2 Corinthians 1:3-7 VOICE

Paul doesn’t simply receive the comfort God offers and hoard it. He doesn’t pile it up in a corner and keep it to himself. No! He declares that the comfort he receives is meant for sharing!

A pastor friend says, “Your misery is your ministry.”

I think he’s right.

Child loss has been my greatest challenge, my deepest pain and my most profound misery.

But is has also been the very place God has met me with the greatest comfort, the deepest compassion and the most profound revelation of Who He is.

So it is with suffering; it never leaves you the same. You run into the traps of temptation that greet every sufferer and are left with a cruel harvest in your heart and relationships, or you run toward the comforts of grace, which shine most brightly in the darkness of suffering, and reap a harvest of blessing. Yes, you may continue to suffer, or its effects may remain, but you now live with a changed heart, a sturdier faith, and a joy that suffering cannot take away.

Paul David Tripp, Suffering

The comfort I have received is now mine to give to others.

In spite of everything I’ve endured, my hope remains unshaken and unshakeable.

QUESTIONS:

  • What specific comfort have you received that you could share with others?
  • Is God placing people in your path who need that comfort?
  • How might you do that? Where can you share your story?
  • If you are already sharing, do you edit yourself so that the hard places don’t seem so hard? Why or why not?
  • Are you afraid to share the darkness you felt/feel because you think it undermines God’s reputation?

PRAYER:

Father God, open the eyes of my heart so that even in the darkest place, the most desolate path, I see Your light and feel Your Presence.

You don’t ask me to deny pain or to pretend that things are “just fine” when they aren’t. You only ask that I bring all my broken bits and heartache to You. When I choose to do that, You are faithful to minister love, grace, mercy and comfort to my spirit and renew my strength.

Help me hold onto hope. Help me to lean into love. Teach me to trust Your truth even when it’s hard.

Take my life and turn it into a testimony of Your faithfulness. Make my misery a ministry to others. Give me beauty for ashes.

Amen

Repost: My Cup Overflows

You anoint my head with oil; my cup overflows.

~Psalm 23:5b

I remember standing in our field with my husband at sundown one day, thankfulness and grace and mercy and wonder flooding my heart-and I whispered, “surely my cup overflows!”

Surely, God’s hand is in this, is on our lives-He has brought us to this place of blessing.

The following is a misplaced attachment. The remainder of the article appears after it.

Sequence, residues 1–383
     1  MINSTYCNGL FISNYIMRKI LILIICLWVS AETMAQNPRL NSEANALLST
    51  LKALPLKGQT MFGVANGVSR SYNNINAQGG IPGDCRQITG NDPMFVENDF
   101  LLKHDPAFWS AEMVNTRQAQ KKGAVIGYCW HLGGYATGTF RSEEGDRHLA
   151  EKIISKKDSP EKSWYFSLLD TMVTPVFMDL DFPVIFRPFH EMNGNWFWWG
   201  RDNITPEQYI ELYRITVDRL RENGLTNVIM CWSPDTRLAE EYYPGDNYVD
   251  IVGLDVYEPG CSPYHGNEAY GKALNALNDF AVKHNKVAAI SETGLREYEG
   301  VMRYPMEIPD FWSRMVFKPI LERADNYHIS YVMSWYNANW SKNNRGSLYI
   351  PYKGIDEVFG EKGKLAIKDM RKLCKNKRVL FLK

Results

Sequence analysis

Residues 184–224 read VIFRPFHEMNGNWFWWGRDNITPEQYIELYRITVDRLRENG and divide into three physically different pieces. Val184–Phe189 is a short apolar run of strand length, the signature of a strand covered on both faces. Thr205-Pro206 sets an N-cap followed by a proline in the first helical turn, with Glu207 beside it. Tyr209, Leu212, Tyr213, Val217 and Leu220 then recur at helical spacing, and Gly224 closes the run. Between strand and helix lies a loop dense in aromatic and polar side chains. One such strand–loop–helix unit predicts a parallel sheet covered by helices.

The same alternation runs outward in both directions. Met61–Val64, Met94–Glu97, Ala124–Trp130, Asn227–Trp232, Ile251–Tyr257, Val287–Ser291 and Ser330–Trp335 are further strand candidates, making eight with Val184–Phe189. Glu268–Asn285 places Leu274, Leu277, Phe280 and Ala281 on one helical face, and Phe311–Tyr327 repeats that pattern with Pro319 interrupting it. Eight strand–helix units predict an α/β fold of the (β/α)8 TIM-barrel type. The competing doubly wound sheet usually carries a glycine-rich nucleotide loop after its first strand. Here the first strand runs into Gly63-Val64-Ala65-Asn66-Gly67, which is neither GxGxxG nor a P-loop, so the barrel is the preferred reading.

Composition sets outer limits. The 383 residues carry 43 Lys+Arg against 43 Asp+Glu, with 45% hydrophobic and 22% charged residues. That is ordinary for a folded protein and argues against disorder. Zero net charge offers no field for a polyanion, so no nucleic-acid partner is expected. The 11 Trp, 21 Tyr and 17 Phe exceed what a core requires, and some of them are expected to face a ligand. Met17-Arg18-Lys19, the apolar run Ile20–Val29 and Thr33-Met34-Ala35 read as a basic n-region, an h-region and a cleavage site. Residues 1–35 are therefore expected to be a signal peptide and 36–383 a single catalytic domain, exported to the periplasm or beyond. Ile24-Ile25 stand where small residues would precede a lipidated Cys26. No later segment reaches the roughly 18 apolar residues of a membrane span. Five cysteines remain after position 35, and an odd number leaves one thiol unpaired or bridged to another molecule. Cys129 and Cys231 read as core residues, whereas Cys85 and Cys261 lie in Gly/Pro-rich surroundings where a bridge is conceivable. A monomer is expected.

And that’s how I used to always think of that verse-the cup overflowing with goodness and blessing.

But what about when the cup overflows with sorrow?  

Read the rest here:  My Cup Overflows

HOLY WEEK 2019: Resurrection, Reality and Reassurance

“The worst conceivable thing has happened, and it has been mended…All shall be well, and all shall be well and all manner of thing shall be well.” ~Julian of Norwich

I’m not sure when I first read this quote, but it came to my mind that awful morning.   And I played it over and over in my head, reassuring my broken heart that indeed, the worst had already happened, and been mended.

Death had died.

Christ was risen-the firstfruits of many brethren.

Read the rest here:  Resurrection: Reality and Reassurance

HOLY WEEK 2019: Living Between the Crucifixion and the Resurrection

It is tempting to forget that there were three long days and nights between the crucifixion and the resurrection beause the way we observe this season rushes us past the pain to embrace the promise.

But it’s not hard for me to imagine how the disciples felt when they saw Jesus was dead.  It was neither what they expected nor what they prayed for.

There were many points in the story when things could have gone a different way:

  • When taken by the religious leaders-surely, they thought, He will explain Himself, they will let Him go.
  • When taken before Pilate-Rome will refuse to get involved with our spiritual squabbles, Pilate won’t authorize His death.
  • When presented to the crowd-no Jew would rather have a wicked murderer released instead of a humble, healing Rabbi.

At every turn, every expectation they had for a “happy ending” was dashed to the ground.

Read the rest here:  Living Between the Crucifixion and the Resurrection

HOLY WEEK 2019: Why Good Friday Matters as Much as Resurrection Sunday

“On the one hand Death is the triumph of Satan, the punishment of the Fall, and the last enemy. Christ shed tears at the grave of Lazarus and sweated blood in Gethsemane: the Life of Lives that was in Him detested this penal obscenity not less than we do, but more.
On the other hand, only he who loses his life will save it. We are baptized into the death of Christ, and it is the remedy for the Fall. Death is, in fact, what some modern people call “ambivalent.” It is Satan’s great weapon and also God’s great weapon: it is holy and unholy; our supreme disgrace and our only hope; the thing Christ came to conquer and the means by which He conquered.”

~C.S. Lewis,  Miracles

Bury a child and suddenly the death of Christ becomes oh, so personal. The image of Mary at the foot of the cross is too hard to bear.

Read the rest here:  Remember: Why Good Friday Matters as Much as Resurrection Sunday

Holy Week 2019: Maundy Thursday

Today is the day on the church calendar when we pause and reflect on the Last Supper, and the last words of Jesus to His disciples.

A year’s worth of sermons is contained in John 13-17 but this week I have been drawn to just one verse:

[Jesus said] “Now I am giving you a new command—love one another. Just as I have loved you, so you must love one another. This is how all men will know that you are my disciples, because you have such love for one another.”

John 13:34 PHILLIPS

Read the rest here:  Maundy Thursday